Did you know that playing a musical instrument makes you smarter? And not just for children! It's never too late to start taking music lessons. Studying music helps to improve cognitive abilities--things like language based reasoning, short-term memory and planning, and organizing and completing tasks.
A study was done in Holland where children were divided into control goups and monitored for 2 1/2 years. The children in the Music control group sang songs, played instruments, and did active listening to music. Improvements in IQ and academic achievement were evident in the Music group, but the kids who didn't do any of the music activities shown no improvement.
Don't short-change yourself! Start adding music activities to your daily routine!
This week at Stretch and Sing, we tried something new that turned out so well, I wanted to share it. We drew 6 cards, each with a different word printed on it. From those six words, we created the following poems. The underlined words are the ones that sparked our creativity and delight in our imagination.
I toast the New Year
With glasses of buttery rum.
The blustery activity of winter
Makes you think of a bad storm
And weep for bountiful spring
When we will eat raspberry cake.
The colors, the blooming flowers, green grass and happy hours
I sit by a stream, the sun beams
Drinking juice and
Eating smoothe yogurt.
The thrust of a golf ball goes flying through the air
With the greatest of ease
Like a parrot
Leaving the nest
I recommend this little project for any group, no matter the age.
The idea for Stretch and Sing came to me in the fall of 2015. As usual in my creative endeavours, I pulled it out of thin air. I didn't really have a firm plan. It seemed to me that seniors --now that I am one-- need more opportunities to move and breathe. Well.....breathing is my bag! As a yoga practicioner for over 40 years, I have to admit, I may not do my asanas every day--sometimes all I can squeeze in is some pranayama (yoga breathing). The more I started to work with the lovely folks at the nursing homes and long-term care facilities, I realized the one thing that could help them feel better--more alive, more energetic--was deeper and more focused breathing.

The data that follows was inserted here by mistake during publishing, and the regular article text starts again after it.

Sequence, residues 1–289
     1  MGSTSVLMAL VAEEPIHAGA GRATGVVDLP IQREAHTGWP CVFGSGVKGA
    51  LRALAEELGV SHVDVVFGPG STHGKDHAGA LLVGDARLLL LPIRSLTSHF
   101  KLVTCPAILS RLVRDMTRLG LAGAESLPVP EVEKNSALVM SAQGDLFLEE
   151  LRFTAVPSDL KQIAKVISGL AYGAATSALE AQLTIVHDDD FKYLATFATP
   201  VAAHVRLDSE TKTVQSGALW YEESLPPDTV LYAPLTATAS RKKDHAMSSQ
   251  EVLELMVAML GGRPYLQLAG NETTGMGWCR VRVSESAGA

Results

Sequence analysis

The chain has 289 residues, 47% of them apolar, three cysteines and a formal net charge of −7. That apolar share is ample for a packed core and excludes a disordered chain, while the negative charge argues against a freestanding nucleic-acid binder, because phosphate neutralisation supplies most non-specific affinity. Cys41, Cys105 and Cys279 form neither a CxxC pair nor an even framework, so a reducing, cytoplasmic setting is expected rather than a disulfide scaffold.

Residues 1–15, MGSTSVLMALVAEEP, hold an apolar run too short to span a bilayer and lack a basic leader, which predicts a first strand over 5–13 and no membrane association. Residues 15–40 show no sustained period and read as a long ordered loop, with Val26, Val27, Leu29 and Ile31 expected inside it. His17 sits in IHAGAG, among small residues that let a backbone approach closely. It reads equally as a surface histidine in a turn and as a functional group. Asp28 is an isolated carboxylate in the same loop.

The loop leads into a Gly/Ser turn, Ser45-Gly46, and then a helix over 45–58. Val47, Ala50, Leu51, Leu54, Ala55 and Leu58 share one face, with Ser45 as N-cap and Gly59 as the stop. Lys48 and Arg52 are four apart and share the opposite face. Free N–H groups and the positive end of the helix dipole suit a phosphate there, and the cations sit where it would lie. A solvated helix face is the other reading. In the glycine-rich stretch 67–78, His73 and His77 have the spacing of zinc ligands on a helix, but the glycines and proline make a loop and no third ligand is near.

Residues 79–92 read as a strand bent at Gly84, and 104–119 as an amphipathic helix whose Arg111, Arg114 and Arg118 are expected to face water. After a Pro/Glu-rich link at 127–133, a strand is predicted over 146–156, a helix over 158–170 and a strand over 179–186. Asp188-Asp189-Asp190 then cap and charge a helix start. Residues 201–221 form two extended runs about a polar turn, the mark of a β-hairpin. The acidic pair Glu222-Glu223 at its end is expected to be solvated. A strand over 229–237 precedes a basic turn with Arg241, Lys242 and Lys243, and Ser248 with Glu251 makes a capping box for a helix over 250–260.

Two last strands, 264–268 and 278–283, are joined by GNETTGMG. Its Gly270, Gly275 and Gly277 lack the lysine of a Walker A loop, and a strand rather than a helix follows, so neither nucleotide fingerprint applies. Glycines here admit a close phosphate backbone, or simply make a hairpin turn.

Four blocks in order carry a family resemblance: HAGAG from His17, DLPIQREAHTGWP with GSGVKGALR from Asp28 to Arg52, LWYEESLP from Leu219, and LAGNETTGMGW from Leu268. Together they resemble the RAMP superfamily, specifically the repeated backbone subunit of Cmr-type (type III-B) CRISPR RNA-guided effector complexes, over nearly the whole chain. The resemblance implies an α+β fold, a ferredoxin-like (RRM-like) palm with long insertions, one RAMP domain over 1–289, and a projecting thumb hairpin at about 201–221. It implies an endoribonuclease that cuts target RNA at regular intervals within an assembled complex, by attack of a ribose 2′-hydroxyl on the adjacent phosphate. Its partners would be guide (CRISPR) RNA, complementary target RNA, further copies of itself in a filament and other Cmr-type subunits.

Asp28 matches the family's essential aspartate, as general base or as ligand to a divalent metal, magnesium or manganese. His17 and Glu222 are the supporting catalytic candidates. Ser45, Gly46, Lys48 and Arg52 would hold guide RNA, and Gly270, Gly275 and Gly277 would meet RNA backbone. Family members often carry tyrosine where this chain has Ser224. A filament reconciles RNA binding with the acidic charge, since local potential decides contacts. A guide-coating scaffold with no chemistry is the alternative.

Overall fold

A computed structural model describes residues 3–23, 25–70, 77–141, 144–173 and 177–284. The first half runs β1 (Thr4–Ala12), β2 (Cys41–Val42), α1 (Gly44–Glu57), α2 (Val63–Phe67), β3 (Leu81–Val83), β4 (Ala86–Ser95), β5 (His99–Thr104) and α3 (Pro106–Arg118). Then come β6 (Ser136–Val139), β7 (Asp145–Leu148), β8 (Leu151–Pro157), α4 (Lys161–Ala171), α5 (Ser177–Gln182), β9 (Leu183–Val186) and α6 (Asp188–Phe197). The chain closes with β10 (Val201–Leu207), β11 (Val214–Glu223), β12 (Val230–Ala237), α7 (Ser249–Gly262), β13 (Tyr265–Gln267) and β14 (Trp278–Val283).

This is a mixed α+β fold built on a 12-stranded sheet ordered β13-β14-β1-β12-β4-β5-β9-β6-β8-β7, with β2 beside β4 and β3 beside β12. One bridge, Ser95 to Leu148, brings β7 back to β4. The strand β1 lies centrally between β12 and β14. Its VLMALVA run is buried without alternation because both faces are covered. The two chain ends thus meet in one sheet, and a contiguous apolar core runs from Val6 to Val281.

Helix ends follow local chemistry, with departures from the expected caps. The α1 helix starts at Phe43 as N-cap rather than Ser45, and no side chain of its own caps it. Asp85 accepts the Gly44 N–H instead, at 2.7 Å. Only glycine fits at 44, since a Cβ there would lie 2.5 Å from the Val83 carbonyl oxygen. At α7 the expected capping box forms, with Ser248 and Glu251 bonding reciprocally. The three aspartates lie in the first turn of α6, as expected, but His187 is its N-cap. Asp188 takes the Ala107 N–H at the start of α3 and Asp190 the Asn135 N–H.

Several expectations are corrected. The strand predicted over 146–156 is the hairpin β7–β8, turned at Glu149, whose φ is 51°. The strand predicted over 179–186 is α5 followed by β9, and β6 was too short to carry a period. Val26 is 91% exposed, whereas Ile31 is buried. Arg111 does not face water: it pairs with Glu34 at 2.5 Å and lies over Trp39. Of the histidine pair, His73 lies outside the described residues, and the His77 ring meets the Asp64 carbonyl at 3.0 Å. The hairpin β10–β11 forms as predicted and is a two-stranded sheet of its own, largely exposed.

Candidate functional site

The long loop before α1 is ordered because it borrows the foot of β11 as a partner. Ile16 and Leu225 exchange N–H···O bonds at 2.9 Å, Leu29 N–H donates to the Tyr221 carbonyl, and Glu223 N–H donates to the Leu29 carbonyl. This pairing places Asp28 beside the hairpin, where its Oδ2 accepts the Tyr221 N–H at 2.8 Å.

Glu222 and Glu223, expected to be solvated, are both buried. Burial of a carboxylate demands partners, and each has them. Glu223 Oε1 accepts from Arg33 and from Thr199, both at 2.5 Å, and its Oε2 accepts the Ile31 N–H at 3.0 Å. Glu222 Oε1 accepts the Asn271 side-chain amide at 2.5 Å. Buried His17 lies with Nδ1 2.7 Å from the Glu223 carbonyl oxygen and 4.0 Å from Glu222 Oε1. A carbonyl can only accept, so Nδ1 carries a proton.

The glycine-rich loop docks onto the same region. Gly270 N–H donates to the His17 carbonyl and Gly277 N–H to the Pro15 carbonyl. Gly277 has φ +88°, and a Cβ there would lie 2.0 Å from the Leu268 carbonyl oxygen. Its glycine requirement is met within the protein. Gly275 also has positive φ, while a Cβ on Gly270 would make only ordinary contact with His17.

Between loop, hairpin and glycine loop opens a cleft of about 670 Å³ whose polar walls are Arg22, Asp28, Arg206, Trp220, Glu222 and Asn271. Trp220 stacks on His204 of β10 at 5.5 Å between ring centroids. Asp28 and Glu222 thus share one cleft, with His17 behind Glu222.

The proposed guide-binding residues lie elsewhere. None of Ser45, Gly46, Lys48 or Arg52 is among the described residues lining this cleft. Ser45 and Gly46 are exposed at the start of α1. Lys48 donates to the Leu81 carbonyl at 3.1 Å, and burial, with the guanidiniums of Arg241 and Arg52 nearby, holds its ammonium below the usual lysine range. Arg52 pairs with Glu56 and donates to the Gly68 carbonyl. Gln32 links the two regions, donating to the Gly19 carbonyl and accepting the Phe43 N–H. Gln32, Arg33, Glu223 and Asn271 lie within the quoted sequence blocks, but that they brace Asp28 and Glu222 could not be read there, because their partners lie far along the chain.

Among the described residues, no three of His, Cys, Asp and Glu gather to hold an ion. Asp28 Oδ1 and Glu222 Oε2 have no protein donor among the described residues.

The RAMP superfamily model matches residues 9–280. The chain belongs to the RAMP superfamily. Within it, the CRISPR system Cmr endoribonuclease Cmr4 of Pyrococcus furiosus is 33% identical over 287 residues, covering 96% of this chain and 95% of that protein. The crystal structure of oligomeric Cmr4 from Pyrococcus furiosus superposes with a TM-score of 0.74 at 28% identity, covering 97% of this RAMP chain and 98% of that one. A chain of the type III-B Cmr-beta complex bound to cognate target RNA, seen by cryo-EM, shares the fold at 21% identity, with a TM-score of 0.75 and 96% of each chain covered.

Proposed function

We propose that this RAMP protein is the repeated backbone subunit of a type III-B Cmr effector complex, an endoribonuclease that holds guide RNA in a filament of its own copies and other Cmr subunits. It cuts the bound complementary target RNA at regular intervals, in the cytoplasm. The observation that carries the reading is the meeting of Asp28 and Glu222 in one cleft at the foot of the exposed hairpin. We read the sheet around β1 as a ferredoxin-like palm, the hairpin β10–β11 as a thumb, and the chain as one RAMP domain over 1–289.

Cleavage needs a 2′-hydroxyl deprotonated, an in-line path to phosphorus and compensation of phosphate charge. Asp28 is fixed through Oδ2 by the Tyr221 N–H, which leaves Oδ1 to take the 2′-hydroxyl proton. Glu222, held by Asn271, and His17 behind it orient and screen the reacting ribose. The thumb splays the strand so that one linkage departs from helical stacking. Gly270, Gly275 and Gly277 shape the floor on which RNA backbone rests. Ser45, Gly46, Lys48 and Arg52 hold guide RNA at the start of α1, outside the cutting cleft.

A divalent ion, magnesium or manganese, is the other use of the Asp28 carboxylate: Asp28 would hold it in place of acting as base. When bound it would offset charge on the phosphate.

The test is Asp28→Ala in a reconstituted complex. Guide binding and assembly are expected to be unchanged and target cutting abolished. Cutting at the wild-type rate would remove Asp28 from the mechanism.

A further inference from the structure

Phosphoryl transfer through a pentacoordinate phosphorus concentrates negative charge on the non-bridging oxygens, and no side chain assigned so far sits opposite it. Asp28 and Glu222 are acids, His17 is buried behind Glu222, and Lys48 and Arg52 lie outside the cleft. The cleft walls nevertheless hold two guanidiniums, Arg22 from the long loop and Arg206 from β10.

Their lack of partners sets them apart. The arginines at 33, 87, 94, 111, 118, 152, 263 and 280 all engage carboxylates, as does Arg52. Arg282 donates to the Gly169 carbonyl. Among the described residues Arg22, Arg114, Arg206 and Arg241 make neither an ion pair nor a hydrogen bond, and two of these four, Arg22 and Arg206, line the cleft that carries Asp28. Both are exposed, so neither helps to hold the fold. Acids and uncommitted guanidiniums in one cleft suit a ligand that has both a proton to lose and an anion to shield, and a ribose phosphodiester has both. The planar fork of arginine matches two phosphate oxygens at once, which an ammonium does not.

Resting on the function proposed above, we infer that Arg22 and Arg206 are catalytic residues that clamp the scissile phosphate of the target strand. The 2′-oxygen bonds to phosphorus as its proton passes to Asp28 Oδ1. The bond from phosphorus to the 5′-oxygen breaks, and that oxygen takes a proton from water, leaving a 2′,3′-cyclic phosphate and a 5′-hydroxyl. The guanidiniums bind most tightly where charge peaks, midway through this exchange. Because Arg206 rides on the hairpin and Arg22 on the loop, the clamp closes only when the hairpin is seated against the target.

Back in the day, I was a music major in college, I spent many hours practicing singing technique, learning repertoire, rehearsing with famous orchestras under top notch conductors. I even sang at Carnegie Hall under Sir George Solti (top row of the chorus) . At the heart of all my training was a foundation of conscious breathing.
I was already a pretty good breather--I swim. Not just splash around and look beautiful on the beach. I really swim! I grew up swimming in Lake Michigan, which you probably know is a huge fresh water lake, with big waves capable of downing big ships like the Edmund Fitzgerald. And no sharks. My love of being in the water was a great basis for singing and for Yoga as well.
Many of the folks I work with in a Stretch and Sing class are not ambulatory, or minimally so. Watching these gentle souls sitting all day, every day, is heartbreaking, as I know they are not getting the oxygen exchange that could improve their enegy level We yoga teachers know that doing some deeper breathing gives the body a chance to exhale all the stale air that drops to the bottom of the lungs. Otherwise, it just sits there, stagnating, lowering vitality, immune function and mood.
So now that I've had several sessions under my belt, I am excited about the future of Stretch and Sing. A half hour of each activity is perfect for those with memory impairment. It's not too much of either the singing or the therapeutic movement. So far, everybody loves it. I look forward to doing more with Stretch and Sing in the future.